While concrete slabs constitute a relatively sturdy, economical flooring substrate for facilities in a variety of industries, untreated concrete is prone to corrosion over time. In this case, the term “corrosion” refers specifically to the deterioration and disintegration of the concrete due to contact with a reactive substance; slab injury caused by a heavy load, puncture, or other physical cause is not classified as corrosion. Simply put, concrete corrosion is damage from a chemical reaction. Countless substances can cause corrosion, from salt water and acidic substances to microbes and waste products.
Whether an industrial, commercial or institutional facility, if left unaddressed, concrete floor corrosion can turn into a costly problem. Patching smaller damaged areas can sometimes be handled in-house with the right materials and technique, but if left unaddressed, serious resurfacing or even complete slab replacement can often be required. In addition to the upfront costs of the repair, performing the restoration properly will almost certainly require some downtime for at least a part of the facility, resulting in a potential loss of productivity and revenue.
The damage you can see may not be the only thing about which you need be concerned—concrete corrosion can also expose other structural elements to damaging substances. A typical example of this involves the microbes in sewer systems, which, after successfully causing corrosion and breaking through concrete pipes, can then proceed to wear away at a building’s structural steel, weakening the entire edifice. Damage to concrete caused by corrosive, reactive substances can be expensive to repair, and the extent of the damage is often not immediately apparent. When it comes to concrete floor slabs, investing in corrosion resistant coatings now could save you from facility downtime and having to perform costly repairs in the future.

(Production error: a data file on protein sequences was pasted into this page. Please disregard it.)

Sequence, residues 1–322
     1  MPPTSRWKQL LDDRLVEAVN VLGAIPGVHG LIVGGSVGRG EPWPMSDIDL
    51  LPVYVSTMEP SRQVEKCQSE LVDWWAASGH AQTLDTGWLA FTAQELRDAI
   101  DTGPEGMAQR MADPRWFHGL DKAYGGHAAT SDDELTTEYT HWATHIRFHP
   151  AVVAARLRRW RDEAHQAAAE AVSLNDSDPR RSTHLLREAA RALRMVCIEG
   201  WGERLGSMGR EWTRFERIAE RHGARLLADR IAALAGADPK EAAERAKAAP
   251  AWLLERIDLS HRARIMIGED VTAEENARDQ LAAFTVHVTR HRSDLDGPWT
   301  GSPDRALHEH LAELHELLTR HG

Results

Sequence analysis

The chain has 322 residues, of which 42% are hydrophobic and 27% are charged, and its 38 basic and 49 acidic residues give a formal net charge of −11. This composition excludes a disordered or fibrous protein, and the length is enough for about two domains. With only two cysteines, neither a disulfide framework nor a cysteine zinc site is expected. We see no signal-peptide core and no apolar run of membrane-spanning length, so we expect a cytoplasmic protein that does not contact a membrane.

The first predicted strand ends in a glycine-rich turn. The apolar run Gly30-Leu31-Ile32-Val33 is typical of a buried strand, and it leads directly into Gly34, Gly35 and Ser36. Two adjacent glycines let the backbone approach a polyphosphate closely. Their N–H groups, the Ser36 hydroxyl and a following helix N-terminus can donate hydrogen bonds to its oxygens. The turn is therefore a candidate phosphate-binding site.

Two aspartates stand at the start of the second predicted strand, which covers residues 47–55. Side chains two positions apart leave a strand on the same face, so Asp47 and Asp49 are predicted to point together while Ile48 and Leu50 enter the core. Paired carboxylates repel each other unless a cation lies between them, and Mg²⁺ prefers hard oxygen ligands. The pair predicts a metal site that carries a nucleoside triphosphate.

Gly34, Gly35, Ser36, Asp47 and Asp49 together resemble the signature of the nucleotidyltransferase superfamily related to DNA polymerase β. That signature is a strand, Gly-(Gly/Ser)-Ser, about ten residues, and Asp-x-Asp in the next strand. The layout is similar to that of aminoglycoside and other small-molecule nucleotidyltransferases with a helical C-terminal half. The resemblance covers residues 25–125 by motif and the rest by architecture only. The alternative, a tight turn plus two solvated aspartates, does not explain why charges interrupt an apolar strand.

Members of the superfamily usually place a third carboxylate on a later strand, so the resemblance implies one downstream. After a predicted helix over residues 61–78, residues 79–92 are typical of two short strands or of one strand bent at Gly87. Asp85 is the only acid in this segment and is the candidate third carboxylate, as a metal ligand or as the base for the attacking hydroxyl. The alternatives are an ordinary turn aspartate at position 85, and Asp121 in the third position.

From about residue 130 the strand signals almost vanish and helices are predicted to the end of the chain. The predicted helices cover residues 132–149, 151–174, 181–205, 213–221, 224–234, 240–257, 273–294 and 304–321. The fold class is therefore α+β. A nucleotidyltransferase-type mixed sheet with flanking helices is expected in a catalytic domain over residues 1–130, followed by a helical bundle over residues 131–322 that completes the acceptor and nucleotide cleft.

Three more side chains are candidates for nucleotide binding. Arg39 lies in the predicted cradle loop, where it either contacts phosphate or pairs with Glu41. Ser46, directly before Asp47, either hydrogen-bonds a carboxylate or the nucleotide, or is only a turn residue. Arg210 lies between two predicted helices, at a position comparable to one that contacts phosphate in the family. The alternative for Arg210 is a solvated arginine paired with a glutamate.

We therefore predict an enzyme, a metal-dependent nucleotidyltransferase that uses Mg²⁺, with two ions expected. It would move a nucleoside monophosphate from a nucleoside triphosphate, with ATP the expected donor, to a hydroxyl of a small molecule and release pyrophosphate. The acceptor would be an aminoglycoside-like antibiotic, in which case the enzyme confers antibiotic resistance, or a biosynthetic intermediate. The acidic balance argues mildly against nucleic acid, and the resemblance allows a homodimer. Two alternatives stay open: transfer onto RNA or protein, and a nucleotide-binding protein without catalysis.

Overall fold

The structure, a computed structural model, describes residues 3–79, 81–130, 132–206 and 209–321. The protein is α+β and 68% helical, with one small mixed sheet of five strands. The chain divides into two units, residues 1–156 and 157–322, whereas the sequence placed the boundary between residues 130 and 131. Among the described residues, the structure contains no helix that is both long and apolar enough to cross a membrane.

For some facilities, the costs of concrete corrosion can extend beyond the building itself to include the surrounding ecosystems. Concrete is a naturally porous substance into which liquids can be absorbed. Any unsealed concrete floor subjected to frequent chemical or biohazard spills runs the risk of environmentally toxic substances leaching through the body of the slab into the surrounding soil and groundwater.
This is certainly true of corrosive substances capable of damaging the concrete in slab-on-grade conditions. For this and other reasons, various government agencies regulate certain industries in terms of requiring proper structural coatings, which can include primary to secondary containment, as well as high performance concrete floor finishes. Regulated or not, good environmental stewardship as well as common sense economics, call for all facilities to give attention to these concerns.
A highly effective way to prevent concrete floor surface corrosion is by isolating potentially damaging substances from the slab surface in the first place. Spilled substances can then be thoroughly cleaned up and properly disposed of, helping to alleviate the risk of enviro-toxins being absorbed into slab and endangering the natural surroundings.
An effective and economical approach is to consult with a reputable industrial floor coating manufacturer about the right type of protection for your unique operation and site conditions.
Well-selected and installed high performance, corrosion resistant epoxy and other resinous coatings make for strong, durable flooring systems that are fluid-applied directly onto the prepared concrete substrate. The result is a monolithic, virtually seamless surface impervious to the known corrosive substances within a given facility or space, while additionally providing the appropriate level of slip-resistance, compressive and tensile strengths, abrasion resistance and other features required for optimal benefit and value.
Surface corrosion is a common problem on uncoated concrete floors and can be difficult and expensive to fully repair. An epoxy or other high performing coating system from Florock can give you peace of mind by minimizing the risk of concrete floor surface corrosion.